I was accused, because of this novel, of apostasy as well as contempt of Islam and insulting the Algerian  revolution. The novel was only a fictional adaptation to commemorate the memory of the Algerian poet, and first gay Algerian to come out, of Spanish origin, Jean Senac, who is one of the most important figures in the Algerian War of Independence. Jean Senac was assassinated by the regime of former President Boumediene in 1973. The poet, in the height of French colonialism, wrote a famous letter he called “A letter to a young French man from Algeria”, where he mentioned a young French man named Jean-Pierre and tried to convince him of co-existence and join the fight to end the struggle of Algerians towards their liberation. I took the character of Jean-Pierre and gave it a story and a life in memory of the poet.

What God hides from us


Engaging in dystopian literature and dealing with a fictional state with no name and no borders, this novel depicts the story of inhabitants who believe in the religion of crocodiles. According to this belief, characters reach a pleasing pleasure when they are eaten by a crocodile, where the bite of the crocodile to a man is equal to 100 times the sexual pleasure. This world is ruled by a transparent, blind-looking president named Jakusha with an iron fist. He has monks who compete to reach the level of “pimp”, the highest degree in the religious system. Later, a child with a large head was born, and the monastery of Jakusha decides him because his big head poses a threat to their interests.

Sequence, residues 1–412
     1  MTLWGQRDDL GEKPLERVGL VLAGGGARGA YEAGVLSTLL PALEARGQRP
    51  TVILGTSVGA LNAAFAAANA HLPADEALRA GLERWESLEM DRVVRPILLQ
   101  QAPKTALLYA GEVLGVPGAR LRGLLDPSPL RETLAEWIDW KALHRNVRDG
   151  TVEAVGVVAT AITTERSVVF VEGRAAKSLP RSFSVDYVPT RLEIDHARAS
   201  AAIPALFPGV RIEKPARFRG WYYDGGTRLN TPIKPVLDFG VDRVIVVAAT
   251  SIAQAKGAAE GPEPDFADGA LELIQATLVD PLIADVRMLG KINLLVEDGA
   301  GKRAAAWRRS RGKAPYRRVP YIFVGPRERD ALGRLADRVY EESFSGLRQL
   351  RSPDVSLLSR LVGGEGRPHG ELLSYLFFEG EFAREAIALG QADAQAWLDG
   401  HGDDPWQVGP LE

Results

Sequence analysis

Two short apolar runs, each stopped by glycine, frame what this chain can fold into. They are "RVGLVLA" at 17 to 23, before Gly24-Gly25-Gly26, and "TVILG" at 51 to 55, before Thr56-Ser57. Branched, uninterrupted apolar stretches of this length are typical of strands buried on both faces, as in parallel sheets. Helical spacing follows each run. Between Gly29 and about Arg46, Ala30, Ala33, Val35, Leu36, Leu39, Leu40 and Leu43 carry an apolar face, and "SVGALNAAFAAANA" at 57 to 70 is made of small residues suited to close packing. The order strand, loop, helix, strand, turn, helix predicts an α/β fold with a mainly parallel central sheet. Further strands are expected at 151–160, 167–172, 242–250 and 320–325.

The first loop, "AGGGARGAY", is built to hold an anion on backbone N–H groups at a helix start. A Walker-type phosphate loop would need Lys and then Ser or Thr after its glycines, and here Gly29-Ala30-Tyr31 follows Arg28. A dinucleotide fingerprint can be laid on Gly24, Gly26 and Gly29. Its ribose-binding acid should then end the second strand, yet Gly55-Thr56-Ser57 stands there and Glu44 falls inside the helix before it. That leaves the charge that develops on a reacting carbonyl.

The novel explains how politics exploits religion and the danger of the theocratic state and how the politician might use the power to control people. The novel was published in Egypt and banned in Algeria, as a result hundreds of copies were confiscated at Algiers airport in 2017.

The sun urinates standing:

In a purely surreal world, the novel recounts the story of a child born with two genitals, to be neither a male, nor a female, but both. In a devout Islamic village controlled by an imam, the birth of the child is a scandal for their parents, who wished to have a male. As a disappointment to them, since he was neither male nor female, they did not give him a name. The imam would later decide that he was a creation of Satan because God did not mention this situation in the Qur’an. Later, struggles begin between the child and the imam, and the child’s attempt to destroy the village’s totem represented by the forbidden land, the broken tractor, and the telephone with the reeling speaker. The kid tries to look for the lost wheel to repair the stalled tractor and attempts to fix the phone’s speaker. However, a voice coming from inside the phone tries to resist this attainment. This novel is an experimental dystopian fiction that discusses several sexual, religious, intellectual, and authoritarian dimensions in religious and primitive societies and serves as a critique of the Muslim community.